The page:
MR. WOLMAN: That is one of our prompting forces?
CHAIRMAN MALONEY: Yes.
MR. WOLMAN: Will you describe the critical situations that force this
kind of diagnosis at this particular time ?
MR. ELLIS: I would have to answer that this way, that the situation in
North Carolina, as far as the farmers and so forth are concerned, may
not be particularly any more critical than it is in a number of the
other eastern states. Irrigation is coming in quite rapidly there, however.
They now have something like 1500 or more. That is not terrifically large,
but it has been increasing at a quite rapid rate. We are foreseeing con-
siderable problems ahead. We do not have a great body of actual data, at
least I have not seen it, to indicate that there are tremendous problems
right at this moment which must be rectified.
But, looking ahead, as this thing progresses, there certainly will be
need for a pretty thorough-going study of what should be done to modify
the law, if various shortcomings become quite evident. As you can see
from as far as I have gone in this presentation, one of the biggest question
marks is the lack of knowing what the court will decide on certain things.
If we assume that the court would lean toward the reasonable use rule
rather than to say that if any substantial diminution of the flow would give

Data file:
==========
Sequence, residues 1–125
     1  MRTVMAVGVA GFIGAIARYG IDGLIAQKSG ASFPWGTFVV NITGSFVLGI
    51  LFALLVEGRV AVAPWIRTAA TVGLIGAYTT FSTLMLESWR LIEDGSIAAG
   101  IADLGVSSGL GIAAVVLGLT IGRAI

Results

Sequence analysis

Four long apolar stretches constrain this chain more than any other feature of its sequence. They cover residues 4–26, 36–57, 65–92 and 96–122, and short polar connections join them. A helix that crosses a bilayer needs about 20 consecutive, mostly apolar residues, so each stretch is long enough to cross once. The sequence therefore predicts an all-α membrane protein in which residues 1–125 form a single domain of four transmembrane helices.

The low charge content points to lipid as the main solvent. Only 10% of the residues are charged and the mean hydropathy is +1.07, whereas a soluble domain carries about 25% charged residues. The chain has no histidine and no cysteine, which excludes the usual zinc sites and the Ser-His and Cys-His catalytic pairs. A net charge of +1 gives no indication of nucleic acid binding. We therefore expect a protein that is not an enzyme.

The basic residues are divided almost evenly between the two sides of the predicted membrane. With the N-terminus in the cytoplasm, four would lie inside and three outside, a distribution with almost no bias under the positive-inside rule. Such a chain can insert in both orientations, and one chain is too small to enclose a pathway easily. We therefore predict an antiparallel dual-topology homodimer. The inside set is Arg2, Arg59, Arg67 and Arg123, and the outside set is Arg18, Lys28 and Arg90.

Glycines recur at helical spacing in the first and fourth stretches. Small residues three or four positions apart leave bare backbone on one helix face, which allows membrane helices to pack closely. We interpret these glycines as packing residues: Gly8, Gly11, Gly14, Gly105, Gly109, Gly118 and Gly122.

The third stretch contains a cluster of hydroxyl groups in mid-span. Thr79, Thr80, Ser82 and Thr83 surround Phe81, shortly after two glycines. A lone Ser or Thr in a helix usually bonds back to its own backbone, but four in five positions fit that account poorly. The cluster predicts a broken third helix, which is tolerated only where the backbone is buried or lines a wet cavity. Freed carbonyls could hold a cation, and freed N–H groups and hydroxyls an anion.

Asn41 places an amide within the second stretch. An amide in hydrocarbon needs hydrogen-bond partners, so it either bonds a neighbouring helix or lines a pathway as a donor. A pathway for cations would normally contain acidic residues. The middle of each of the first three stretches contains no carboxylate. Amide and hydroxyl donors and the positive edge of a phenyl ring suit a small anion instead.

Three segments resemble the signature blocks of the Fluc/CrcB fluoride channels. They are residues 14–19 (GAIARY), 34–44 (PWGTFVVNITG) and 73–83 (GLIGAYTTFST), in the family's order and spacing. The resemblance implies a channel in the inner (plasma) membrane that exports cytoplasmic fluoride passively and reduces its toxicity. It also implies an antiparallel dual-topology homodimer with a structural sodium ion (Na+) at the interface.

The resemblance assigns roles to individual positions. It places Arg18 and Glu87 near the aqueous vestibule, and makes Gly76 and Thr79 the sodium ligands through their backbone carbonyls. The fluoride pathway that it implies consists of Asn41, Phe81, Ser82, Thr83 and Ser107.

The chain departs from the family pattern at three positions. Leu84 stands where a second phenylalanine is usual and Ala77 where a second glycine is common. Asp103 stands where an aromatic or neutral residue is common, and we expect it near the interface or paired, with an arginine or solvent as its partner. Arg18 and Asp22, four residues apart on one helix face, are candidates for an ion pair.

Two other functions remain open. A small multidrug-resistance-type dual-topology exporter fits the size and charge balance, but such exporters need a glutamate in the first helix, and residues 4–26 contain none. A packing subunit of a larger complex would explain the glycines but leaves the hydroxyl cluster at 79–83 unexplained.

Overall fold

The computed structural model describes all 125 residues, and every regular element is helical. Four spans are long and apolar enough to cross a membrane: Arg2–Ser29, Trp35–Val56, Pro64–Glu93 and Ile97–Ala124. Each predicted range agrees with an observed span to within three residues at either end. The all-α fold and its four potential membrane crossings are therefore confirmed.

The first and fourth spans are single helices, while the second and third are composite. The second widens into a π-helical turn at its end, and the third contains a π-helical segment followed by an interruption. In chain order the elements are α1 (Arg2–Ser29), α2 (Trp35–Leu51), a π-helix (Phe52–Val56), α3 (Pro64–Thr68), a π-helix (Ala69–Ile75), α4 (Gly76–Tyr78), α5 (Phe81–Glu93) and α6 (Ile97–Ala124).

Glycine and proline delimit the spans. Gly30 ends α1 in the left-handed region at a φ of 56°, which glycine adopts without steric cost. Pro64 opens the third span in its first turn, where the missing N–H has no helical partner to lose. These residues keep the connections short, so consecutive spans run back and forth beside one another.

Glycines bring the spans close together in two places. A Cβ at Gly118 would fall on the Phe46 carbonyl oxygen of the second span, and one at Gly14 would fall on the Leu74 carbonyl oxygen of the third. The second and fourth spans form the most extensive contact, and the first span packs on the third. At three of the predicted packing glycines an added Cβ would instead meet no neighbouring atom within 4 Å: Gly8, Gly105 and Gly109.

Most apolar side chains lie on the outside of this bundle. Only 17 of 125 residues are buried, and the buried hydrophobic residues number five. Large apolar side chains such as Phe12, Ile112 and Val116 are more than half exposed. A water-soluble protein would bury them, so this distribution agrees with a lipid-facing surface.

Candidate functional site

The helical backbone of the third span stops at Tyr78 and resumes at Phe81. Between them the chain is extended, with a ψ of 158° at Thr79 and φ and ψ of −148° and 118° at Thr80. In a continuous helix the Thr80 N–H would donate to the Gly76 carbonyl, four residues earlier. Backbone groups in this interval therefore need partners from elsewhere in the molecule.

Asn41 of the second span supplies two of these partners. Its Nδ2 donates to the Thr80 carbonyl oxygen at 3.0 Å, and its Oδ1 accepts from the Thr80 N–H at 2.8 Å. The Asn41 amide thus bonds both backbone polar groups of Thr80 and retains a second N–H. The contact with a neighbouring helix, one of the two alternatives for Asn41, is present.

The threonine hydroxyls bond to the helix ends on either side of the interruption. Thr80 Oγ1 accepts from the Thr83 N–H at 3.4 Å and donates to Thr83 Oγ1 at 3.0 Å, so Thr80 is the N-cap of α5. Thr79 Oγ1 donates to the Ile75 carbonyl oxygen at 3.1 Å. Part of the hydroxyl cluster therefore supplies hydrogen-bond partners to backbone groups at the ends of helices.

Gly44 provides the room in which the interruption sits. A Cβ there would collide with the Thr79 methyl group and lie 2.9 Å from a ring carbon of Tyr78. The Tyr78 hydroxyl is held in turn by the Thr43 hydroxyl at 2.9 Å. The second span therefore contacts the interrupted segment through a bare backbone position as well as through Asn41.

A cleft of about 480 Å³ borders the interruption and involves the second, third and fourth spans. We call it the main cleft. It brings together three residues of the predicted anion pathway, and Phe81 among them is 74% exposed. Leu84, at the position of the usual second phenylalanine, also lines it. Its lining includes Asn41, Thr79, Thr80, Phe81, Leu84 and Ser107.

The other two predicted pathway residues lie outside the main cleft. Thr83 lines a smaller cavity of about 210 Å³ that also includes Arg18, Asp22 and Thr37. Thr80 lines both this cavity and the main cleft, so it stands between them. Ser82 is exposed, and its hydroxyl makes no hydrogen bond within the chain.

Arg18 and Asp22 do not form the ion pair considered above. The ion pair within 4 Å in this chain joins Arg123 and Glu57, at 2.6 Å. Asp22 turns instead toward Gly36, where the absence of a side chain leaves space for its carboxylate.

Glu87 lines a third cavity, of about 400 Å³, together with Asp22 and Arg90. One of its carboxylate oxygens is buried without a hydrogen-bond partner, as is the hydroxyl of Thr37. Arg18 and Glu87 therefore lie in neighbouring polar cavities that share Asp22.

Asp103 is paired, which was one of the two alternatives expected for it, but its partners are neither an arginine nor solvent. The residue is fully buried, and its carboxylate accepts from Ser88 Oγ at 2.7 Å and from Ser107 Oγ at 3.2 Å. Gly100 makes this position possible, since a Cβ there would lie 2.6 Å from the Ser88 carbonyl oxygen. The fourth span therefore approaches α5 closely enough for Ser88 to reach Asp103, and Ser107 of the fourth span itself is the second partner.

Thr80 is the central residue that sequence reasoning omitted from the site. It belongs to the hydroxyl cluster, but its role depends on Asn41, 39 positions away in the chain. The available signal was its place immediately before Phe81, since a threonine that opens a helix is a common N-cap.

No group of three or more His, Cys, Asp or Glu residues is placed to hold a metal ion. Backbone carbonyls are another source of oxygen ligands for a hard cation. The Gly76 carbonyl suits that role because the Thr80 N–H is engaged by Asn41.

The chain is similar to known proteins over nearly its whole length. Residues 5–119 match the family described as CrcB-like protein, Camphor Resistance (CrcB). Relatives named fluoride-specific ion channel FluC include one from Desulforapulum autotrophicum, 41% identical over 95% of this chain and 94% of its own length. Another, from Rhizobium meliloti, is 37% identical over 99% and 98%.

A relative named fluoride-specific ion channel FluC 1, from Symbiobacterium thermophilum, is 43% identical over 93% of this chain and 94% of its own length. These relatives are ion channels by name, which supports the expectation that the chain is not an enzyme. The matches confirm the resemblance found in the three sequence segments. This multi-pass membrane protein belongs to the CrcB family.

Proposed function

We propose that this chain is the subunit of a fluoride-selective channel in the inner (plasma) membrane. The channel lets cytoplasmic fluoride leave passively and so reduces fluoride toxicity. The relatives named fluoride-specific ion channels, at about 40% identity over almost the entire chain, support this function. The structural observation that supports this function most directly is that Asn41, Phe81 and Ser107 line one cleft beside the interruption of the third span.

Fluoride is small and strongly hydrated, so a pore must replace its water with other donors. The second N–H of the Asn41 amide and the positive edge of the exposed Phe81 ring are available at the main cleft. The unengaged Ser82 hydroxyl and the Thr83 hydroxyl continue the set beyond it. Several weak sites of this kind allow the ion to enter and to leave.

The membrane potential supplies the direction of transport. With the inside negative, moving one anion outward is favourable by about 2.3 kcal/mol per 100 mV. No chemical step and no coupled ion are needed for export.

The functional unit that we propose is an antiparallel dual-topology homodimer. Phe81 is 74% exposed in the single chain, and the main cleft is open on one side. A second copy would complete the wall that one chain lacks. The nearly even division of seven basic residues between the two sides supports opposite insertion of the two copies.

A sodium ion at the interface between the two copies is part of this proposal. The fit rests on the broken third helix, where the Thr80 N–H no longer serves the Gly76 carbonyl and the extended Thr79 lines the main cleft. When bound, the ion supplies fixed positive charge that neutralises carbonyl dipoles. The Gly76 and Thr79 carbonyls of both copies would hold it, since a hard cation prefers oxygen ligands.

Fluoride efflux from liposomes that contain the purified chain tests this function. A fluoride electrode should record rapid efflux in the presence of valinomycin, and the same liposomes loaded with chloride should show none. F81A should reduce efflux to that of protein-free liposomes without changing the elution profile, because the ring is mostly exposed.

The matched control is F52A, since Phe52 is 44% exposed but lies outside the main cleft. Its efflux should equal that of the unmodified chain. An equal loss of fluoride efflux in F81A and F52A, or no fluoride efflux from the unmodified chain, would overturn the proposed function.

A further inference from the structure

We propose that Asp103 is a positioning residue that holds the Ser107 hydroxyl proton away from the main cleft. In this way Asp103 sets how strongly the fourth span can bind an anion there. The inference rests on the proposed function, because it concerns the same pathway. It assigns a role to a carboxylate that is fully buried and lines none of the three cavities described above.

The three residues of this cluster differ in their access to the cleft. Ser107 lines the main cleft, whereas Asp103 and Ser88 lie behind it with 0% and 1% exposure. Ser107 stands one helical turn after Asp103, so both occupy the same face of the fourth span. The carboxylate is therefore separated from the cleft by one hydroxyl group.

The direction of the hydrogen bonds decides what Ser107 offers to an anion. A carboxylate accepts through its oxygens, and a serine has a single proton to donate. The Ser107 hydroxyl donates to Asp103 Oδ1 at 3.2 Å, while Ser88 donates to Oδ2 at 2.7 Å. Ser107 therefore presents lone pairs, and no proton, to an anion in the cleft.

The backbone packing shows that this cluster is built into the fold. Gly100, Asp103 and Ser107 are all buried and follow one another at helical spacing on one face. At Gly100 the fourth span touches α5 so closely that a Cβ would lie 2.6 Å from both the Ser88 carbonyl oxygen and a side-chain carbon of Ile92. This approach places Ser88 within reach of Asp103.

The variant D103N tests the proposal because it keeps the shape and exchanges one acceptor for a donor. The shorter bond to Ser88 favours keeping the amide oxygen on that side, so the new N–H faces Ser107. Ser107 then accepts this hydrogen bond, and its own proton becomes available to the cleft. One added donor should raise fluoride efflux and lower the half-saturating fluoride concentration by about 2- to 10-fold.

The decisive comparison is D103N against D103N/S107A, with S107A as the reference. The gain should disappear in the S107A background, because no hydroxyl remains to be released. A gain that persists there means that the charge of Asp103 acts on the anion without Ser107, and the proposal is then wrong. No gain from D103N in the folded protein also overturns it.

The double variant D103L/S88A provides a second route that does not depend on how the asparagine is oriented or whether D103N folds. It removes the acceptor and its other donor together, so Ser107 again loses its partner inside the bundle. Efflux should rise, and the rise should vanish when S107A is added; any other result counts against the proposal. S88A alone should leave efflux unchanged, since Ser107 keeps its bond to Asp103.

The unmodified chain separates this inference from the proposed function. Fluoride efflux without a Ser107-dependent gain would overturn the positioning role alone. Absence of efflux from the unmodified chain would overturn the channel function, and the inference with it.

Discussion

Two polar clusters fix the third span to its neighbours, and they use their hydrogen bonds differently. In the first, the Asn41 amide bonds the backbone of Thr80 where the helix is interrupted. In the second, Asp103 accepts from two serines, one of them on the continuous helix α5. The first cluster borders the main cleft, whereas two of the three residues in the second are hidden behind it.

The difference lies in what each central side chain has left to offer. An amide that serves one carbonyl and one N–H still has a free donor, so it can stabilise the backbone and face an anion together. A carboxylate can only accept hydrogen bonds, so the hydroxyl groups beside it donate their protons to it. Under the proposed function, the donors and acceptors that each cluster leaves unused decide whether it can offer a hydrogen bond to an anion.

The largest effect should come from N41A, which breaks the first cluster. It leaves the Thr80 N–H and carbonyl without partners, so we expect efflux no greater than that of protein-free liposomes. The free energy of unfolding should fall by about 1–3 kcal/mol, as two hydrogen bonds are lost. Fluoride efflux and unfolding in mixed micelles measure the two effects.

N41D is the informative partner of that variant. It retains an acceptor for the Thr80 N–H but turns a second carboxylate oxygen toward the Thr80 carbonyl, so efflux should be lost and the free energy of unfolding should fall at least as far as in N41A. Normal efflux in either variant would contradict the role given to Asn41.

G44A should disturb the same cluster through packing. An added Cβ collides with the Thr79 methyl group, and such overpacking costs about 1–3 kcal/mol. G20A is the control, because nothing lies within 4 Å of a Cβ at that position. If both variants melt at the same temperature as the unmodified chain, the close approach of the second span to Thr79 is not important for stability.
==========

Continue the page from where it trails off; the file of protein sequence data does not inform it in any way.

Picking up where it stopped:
rise to liability, then the situation would naturally not be nearly so prob-
lematical as far as farm irrigators, and I would suspect other users of
water other than fish and wildlife people, and so forth, are concerned.
If they will move in that direction and clarify that point, it would not
be so critical. But whether they will or not, I don't know. I would say the
chances are fair that they might.
MR. WOLMAN: Has the inquiry proceeded far enough to indicate
whether the critical situations are in law or whether they are in develop-
ment, that is, in its simplest form, the low flow of a river puts a riparian
farmer in difficulty. Is the solution to that a new legal principle or the
modification of an old, or is it in the substantial development of water so
it eases him out of his low flow?-which is the thing that puzzles me in
much of this discussion, and it refers with equal weight to Okeechobee or
any place else.
MR. ELLIS: I would answer it this way: That in a number of instances,
of course, the development of water would provide a remedy for a number
of the water shortages. But that does not excuse us, I feel, in ignoring the
fact that if we can devise (I am not saying that the present system is neces-
sarily unsatisfactory,) a way to get the-for want of a better word-opti-
mum allocation of our water, that that is certainly worth studying, to try
to arrive at that. To the extent that we can attain some degree of solu-
tion to that problem, we have minimized the degree to which we must go
to more expensive measures...of developing water to remedy the short-
Certainly there will have to be some degree of development to solve
very many of the problems in the East. I would not say to what degree we
should look toward that as opposed to this other problem of trying to get